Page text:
AMC’s Preacher Doesn’t Disappoint



Well … how do you put a synopsis of that down in black and white?

If you watched Preacher on AMC last night, and you know nothing whatsoever about the cult comic series, your head has to be reeling from what unfolded. Because that was 90 minutes of slap-in-the-face beginning into one weird-ass world.

Honestly, the introduction and all it portended wasn’t the strangest part of Preacher. You could have thrown that intro out along with all its accompanying hints and follow-up and the show wouldn’t have been any less bizarre. So don’t blame yourself if you’re still trying to make heads and tails of it all. One thing is certain though: It was one wild, funky, confusing way to open up a new series.

But, damn … it was fun, wasn’t it?



Part of the fun was showcasing the main characters with more questions left in their wakes than answers. And I didn’t have a problem with that. But frantic and fractured and entertaining as they were, I was left a bit disappointed by Tulip’s (Ruth Negga) story. Tulip’s tale is a conundrum. All we know is she has history with Custer and it appears past antics have her on the run from people who want to do her in. We know nothing of the dudes she was riding with during the jaunt through that Kansas corn field, what all the scuffle was about nor why reinforcements were (unsuccessfully) called in to take care of her. (There’s no doubt we’ll get more on Tulip in a subsequent story line.)



On the other hand, we have a better idea on Jesse Custer (Dominic Cooper) and Cassidy (Joseph Gilgun) and where they come from. Jesse’s story was peppered throughout, both during his many interactions with the townspeople of the fictitious Annville, Texas as well as in the flashbacks with his father. And we at least have some evidence in Cassidy’s case; that phone call he was on gave us more than a hint of information.



Speaking of characters, I was surprised at Arseface’s introduction so early in the game. I didn’t think he would be presented until further down the line. I love the fact the show has included subtitles accompanying his spoken lines but I didn’t find him all that difficult to understand, truth be told. A little more mumbling would justify those captions. But that’s just a little nitpick I have. I still got a chuckle the show decided to include them, just as the comic did.



But … I’m getting ahead of myself here. Preacher’s main story opens with an entity of some kind whizzing through space and headed toward our neck of the woods, Earth central in its sight. Landing, it invades a minister somewhere in Africa, right in the middle of giving a sermon, and imbues him with the ability of command. Apparently exercising this ability involves more than the minister can muster – he isn’t hardy enough (or worthy enough or is simply not able) to handle such power. It ends up obliterating him right in front of his congregation, much to their horror.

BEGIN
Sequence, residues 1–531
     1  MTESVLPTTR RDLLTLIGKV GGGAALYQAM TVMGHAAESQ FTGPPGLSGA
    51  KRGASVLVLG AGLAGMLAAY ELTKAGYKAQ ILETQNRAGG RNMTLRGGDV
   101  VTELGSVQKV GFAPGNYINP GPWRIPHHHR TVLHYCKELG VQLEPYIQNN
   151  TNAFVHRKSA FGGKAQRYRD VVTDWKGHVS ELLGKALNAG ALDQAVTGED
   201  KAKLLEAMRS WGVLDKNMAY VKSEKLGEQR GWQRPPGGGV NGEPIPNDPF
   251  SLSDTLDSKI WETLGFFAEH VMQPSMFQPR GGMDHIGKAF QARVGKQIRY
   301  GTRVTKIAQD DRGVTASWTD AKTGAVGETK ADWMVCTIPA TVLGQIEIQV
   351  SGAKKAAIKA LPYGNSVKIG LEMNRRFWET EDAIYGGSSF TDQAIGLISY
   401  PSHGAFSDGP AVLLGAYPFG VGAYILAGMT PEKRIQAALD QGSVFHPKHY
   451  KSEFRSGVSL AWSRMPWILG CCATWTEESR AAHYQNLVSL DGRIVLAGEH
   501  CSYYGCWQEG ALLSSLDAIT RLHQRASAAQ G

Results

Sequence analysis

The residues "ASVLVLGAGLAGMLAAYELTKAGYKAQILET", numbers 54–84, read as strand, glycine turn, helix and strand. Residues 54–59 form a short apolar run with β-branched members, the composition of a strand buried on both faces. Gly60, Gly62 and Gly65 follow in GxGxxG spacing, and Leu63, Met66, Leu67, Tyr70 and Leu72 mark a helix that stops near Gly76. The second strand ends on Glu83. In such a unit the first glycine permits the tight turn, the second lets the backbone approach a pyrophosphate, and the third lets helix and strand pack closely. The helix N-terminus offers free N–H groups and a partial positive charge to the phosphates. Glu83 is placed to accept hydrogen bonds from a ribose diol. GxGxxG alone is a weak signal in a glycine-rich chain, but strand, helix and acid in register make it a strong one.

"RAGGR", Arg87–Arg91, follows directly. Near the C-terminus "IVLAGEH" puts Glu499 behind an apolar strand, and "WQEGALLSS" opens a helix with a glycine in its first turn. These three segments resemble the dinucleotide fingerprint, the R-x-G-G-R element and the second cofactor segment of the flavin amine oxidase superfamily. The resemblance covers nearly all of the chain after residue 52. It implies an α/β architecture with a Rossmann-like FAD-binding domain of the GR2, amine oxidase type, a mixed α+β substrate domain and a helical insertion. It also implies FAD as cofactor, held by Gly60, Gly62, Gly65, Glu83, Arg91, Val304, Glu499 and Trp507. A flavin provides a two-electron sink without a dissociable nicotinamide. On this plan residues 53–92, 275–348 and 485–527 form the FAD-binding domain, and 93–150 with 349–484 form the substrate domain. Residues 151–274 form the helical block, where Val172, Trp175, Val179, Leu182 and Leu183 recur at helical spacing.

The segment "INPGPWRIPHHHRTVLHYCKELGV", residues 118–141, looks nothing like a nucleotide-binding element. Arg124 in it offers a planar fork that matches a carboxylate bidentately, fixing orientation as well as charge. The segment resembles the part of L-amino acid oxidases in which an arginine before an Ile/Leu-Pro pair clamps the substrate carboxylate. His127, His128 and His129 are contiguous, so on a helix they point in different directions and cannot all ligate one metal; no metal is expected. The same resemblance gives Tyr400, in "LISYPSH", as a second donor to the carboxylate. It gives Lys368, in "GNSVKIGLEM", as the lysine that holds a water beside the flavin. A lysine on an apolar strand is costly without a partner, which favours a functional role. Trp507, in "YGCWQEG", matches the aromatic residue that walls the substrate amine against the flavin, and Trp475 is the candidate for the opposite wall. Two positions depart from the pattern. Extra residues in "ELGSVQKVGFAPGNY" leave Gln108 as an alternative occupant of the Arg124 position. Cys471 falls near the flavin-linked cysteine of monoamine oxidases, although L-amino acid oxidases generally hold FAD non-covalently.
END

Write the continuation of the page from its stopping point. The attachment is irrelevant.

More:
Left without a vessel to inhabit, the entity wanders off, presumably in search of someone else to possess. And it eventually does (with the same result as before and, comically, on the other end of the religious spectrum) until it finally takes host within Jesse Custer, fresh from his final decision to keep tenure within his (thus far) piss poor, going-though-the-motions profession. Perhaps that entity was searching out a more of a broken body to inhabit, thinking it could work its will more effectively in someone of weaker constitution. But so far? Both spirits (the entity and Custer’s) are contained and in symbiosis.



Meanwhile two strange men have been on the hunt wherever the entity has touched down, their search fruitless until they finally land in Annville. Who they are and what do they want? Unknown. But you know there’s a confrontation on the horizon. Hold on to your hats, it could be a doozy.



Along with Jesse, Cassidy and Tulip’s introductions are those of some of the colorful and quirky residents of Annville, just about all of which are damaged or screwed up in some way. (Annville is obviously a repository for outcasts, the forsaken and those who are a dessert short of a sack lunch.)

What a pilot. 90 minutes of debut jam-packed with more than enough blasphemous, insane, adrenaline-pumping, head-scratching and profane confusion to choke a couple horses. When I originally got the privilege of seeing it a few months ago at WonderCon I was left breathless, chuckling and a little bit flummoxed at what I’d seen. It wasn’t what I was expecting … but it didn’t disappoint.

And, as it progresses, that’s exactly what’s going to make Preacher a far out and fun ride.



Notes Of Fun

  • A bazooka made of tin cans, duct tape and moonshine powerful enough to bring down a marauding helicopter.
  • Little silver-colored army men embedded into the dead skull of the helicopter’s pilot.
  • Jesse’s church’s marquee.
  • Cassidy’s little nudge of assistance to Jesse in floating that chair across the barroom floor.
  • Squirrel hunting, complete with malt beverage refreshment, right outside the door of the church.
  • Satanists getting what they deserve.
  • Arseface’s liquefied din-din. (Just a bit more Tabasco will do it.)
  • Jesse’s bar fight finishing touch? Donnie Schenck’s protruding forearm bone. (Ouch.)
  • Excellent musical accompaniment by Willie Nelson and Johnny Cash.
  • This quote by Jesse Custer: “Violence makes violence makes nothing much at all.” (The writers have subtle as well as in-your-face humor.)

What are your thoughts on the Preacher premiere? Start a conversation in the comments section below!


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